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UBS AG is set to pay as much as $1.6 billion to settle claims of Libor manipulation by the U.S. Justice Department, the Commodity Futures Trading Commission, the U.K. Financial Services Authority and the Swiss Financial Market Supervisory Authority, said a person familiar with the probes.
The announcement could come by tomorrow, said the person, who asked not to be identified because they aren’t authorized to speak publicly about the matter. The $1.6 billion figure would be more than three times the 290 million pounds that Barclays Plc agreed to pay last June to settle allegations that its employees conspired to manipulate the London interbank offered rate, which is used in bank borrowing.
As part of the case, U.S. prosecutors are planning to file charges against multiple bankers associated with UBS’s rigging of Tokyo interbank lending rates, according to another person with knowledge of the matter. The charges would be the first brought by the Department of Justice against individuals alleged to have manipulated Libor and comparable lending rates in Europe and Japan.
The prosecution is slated to begin in tandem with an announcement that UBS Securities Japan Ltd., the Japanese unit of the Zurich-based bank, would plead guilty to manipulating Japanese interest rates starting in 2007, said the person, who asked not to be named because the matter is private.
Christoph Meier, a Zurich-based spokesman for UBS, Liam Parker, a spokesman for the FSA, and Tobias Lux, a spokesman for the Swiss financial markets regulator, declined to comment on the settlement amount.
Karina Byrne, a spokeswoman for UBS, said last week in an e-mail: “We continue to work closely with various regulatory authorities to resolve issues relating to the setting of certain global benchmark interest rates. As we are in active discussions with these authorities, we cannot comment further.”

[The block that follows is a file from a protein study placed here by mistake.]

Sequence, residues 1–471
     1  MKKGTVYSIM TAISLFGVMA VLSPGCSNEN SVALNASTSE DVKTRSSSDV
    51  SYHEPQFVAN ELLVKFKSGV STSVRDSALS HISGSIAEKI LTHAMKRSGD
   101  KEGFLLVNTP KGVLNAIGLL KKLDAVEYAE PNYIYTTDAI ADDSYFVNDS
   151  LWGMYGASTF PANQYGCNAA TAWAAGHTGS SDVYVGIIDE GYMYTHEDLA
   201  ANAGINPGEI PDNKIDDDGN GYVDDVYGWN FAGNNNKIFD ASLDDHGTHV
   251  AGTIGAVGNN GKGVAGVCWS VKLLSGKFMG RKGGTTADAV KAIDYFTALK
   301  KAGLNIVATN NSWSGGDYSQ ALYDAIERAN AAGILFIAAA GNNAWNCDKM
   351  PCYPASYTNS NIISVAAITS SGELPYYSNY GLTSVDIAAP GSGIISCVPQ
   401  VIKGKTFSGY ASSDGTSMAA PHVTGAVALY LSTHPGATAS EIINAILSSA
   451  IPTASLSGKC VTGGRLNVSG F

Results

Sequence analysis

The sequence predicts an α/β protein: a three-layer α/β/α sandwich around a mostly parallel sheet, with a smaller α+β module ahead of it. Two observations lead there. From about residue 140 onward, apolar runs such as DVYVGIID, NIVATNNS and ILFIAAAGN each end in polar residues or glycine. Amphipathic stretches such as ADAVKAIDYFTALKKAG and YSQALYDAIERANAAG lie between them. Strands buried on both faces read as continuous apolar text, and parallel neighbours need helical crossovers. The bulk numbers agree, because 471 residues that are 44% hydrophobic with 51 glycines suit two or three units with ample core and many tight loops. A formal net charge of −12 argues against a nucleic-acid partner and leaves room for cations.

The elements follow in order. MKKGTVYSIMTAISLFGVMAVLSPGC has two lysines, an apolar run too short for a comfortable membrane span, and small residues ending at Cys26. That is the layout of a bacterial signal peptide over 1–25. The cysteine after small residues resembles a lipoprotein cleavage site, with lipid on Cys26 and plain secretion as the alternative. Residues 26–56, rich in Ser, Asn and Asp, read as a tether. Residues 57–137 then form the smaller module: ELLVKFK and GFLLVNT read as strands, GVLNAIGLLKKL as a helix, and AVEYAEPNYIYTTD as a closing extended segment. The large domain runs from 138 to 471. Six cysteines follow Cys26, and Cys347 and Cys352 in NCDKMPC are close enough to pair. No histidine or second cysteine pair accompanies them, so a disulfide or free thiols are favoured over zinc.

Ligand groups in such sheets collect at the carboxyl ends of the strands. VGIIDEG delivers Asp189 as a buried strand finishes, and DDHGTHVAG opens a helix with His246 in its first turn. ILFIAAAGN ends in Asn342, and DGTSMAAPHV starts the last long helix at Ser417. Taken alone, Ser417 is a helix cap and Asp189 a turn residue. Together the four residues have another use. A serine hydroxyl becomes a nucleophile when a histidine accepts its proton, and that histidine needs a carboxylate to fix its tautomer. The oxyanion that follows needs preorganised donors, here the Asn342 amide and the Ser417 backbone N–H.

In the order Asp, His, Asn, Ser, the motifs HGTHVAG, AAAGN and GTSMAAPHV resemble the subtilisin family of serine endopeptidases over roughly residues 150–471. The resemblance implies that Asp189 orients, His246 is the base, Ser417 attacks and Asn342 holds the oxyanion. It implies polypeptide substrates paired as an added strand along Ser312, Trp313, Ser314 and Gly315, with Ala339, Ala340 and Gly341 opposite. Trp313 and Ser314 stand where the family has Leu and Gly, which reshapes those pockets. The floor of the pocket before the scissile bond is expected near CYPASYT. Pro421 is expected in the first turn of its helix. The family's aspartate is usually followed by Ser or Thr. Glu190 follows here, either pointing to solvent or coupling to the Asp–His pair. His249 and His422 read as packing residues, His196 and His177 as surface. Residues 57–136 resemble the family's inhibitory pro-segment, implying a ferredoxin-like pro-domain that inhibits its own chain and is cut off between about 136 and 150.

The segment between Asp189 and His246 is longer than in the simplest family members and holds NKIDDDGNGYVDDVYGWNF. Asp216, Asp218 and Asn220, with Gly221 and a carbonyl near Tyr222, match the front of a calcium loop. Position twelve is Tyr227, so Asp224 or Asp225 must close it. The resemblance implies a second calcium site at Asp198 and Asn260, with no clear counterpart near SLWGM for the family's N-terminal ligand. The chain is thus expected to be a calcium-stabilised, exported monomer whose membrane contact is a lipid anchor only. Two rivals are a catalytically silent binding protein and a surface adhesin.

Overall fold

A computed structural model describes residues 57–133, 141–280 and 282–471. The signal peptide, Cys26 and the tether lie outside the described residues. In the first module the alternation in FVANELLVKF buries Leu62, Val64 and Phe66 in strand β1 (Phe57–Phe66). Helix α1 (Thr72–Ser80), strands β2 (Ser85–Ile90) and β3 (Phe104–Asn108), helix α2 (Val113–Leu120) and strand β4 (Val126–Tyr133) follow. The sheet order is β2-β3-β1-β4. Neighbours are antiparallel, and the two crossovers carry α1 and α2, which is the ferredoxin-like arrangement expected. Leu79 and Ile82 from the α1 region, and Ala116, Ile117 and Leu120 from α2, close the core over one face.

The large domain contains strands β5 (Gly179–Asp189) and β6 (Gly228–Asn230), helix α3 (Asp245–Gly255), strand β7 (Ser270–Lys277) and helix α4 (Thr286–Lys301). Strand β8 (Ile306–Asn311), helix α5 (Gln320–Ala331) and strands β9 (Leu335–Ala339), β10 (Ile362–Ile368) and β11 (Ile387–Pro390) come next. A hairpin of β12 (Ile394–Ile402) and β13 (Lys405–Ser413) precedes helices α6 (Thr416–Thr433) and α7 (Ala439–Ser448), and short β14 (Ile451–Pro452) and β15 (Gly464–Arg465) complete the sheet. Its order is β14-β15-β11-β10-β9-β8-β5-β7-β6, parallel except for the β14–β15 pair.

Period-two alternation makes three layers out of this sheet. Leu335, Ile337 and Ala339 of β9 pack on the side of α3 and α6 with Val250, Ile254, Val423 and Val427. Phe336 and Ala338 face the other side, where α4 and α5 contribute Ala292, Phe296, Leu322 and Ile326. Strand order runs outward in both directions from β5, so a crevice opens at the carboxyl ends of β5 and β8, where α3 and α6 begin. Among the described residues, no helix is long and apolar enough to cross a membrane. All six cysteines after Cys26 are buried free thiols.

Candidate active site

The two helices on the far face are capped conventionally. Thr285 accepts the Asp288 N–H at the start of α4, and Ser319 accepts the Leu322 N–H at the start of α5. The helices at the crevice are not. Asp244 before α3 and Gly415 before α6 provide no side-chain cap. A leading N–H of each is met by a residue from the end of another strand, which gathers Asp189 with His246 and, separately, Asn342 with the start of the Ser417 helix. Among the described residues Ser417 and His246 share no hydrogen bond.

Unlike the pending settlement with UBS, the Justice Department didn’t require Barclays to enter a guilty plea to a specific charge. In deciding against a charge last June, prosecutors praised Barclays’ “timely, voluntary and complete disclosure of facts.”
UBS has been “granted conditional leniency or conditional immunity” by the Justice Department’s antitrust division, in connection with potential antitrust violations related to submissions for interbank lending rates in Tokyo, according to the Swiss bank’s most recent annual report.
According to Justice Department guidelines, a corporation can secure favorable treatment from prosecutors if it’s the first to pledge full cooperation in an antitrust investigation. In order to win that leniency, however, the corporation has to include an admission that it was part of an antitrust conspiracy, and help identify other participants in the scheme.
One year ago, Japanese regulators sanctioned UBS’s Japanese operations, curtailing the bank’s ability to participate in the Tokyo interbank derivative market for a week, and ordering the bank to improve its regime of compliance and internal controls.
Last week, a former Citigroup Inc. trader was among three people detained in the first U.K. arrests as part of the global Libor probes, according to two people familiar with the matter.
Thomas Hayes, a former trader at UBS and Citigroup, was arrested by the Serious Fraud Office and City of London Police, said the people, who asked not to be identified citing the continuing investigation.
The other two men arrested worked at brokerage firm RP Martin Holdings Ltd., according to one of the people and a third person familiar with the investigation, who also requested anonymity. The employees are Terry Farr and Jim Gilmour, people with knowledge of the investigation said. They were later released on bail.
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